Nationally, housing makes up about 15 percent of the gross domestic product. About 5 percent from that total comes from construction, the rest from related business.
“That’s everything from interior decorating to insurance to all of these other related services that are additional components when people buy a house or remodel,” Von Nessen said.
In the mid-1980s the contribution was about 18 percent, where it also was in 2005 before a drop brought on by the economic downturn in 2008. The 3 percent drop from 2005 to 2010 had a variety of impacts associated with recession, Von Nessen said, including reduced total employment, home depreciation and lower household incomes.
“That change in that period of time, that’s rather dramatic,” he said.
In South Carolina, home prices bottomed out in 2011 and 2012, but began appreciating the following year. In 2015 per capita personal income in the state returned to its historical average after several years below. The state is now past recovery from recession and into economic expansion.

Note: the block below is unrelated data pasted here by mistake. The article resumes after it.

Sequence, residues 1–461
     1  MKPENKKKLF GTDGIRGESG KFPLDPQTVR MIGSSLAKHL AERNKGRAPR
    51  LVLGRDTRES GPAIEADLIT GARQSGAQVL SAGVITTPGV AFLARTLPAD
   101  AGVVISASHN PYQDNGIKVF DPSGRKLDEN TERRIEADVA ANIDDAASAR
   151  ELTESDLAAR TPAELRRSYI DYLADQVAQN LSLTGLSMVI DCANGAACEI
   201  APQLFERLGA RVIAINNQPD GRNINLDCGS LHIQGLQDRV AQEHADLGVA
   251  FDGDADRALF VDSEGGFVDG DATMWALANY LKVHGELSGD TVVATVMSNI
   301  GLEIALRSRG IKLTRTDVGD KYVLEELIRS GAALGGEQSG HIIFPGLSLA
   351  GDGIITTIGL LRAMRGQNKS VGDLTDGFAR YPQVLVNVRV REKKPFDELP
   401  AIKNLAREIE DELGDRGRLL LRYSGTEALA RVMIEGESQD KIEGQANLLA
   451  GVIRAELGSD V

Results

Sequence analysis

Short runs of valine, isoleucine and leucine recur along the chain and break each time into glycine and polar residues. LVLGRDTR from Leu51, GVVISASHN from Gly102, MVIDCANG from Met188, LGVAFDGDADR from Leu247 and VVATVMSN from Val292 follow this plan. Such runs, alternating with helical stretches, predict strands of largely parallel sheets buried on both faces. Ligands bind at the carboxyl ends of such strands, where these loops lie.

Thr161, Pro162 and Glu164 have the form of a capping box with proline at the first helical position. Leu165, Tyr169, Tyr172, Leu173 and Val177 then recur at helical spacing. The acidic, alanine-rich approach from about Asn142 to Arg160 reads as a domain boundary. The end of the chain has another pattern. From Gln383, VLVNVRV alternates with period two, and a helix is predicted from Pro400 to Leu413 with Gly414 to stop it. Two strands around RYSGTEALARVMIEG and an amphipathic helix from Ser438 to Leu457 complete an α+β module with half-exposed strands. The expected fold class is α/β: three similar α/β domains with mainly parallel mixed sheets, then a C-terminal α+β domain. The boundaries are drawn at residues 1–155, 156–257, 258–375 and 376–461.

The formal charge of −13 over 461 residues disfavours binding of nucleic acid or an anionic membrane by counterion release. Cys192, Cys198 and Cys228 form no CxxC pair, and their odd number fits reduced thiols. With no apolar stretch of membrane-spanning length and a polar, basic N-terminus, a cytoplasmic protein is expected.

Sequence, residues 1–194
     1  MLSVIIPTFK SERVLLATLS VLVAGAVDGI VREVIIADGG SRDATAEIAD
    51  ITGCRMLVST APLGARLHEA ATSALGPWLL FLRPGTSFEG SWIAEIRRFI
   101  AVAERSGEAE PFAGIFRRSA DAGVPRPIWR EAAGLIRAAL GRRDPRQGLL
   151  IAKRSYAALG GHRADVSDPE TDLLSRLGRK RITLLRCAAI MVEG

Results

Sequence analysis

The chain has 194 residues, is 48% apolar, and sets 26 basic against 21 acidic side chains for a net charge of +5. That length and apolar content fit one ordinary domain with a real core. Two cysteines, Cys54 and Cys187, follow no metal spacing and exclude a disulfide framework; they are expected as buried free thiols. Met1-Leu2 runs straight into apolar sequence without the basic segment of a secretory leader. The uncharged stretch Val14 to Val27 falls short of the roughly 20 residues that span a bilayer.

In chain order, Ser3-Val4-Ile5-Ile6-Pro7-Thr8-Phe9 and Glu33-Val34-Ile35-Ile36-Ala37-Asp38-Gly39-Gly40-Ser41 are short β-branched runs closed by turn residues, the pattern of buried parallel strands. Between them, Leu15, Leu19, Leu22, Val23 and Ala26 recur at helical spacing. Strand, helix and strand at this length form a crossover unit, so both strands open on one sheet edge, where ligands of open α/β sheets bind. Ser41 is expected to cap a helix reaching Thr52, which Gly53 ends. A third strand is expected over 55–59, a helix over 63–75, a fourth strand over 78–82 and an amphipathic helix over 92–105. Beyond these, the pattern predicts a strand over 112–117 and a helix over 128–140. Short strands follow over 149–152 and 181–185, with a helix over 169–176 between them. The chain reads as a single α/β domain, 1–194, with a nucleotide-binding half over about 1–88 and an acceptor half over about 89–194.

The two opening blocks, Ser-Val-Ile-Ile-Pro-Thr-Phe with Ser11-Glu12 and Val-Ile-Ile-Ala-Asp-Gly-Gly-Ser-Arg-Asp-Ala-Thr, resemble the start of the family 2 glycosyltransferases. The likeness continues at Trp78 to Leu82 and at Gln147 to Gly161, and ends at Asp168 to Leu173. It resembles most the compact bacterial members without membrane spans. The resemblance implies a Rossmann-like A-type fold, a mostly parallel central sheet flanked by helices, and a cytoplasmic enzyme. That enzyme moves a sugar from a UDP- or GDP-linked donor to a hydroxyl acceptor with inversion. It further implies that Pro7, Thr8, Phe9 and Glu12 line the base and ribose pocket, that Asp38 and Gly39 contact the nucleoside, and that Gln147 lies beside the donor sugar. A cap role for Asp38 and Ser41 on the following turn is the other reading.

“2015 has been by far the best year South Carolina has seen since the end of the great recession,” Von Nessen said.
The 2.7 percent statewide employment growth in 2015 is the highest since the economic downturn, and higher than the housing boom preceding it. South Carolina is outpacing the national average. More jobs are coming in manufacturing and professional services, with higher wages than the state average. This leads to more people moving into their first or new homes.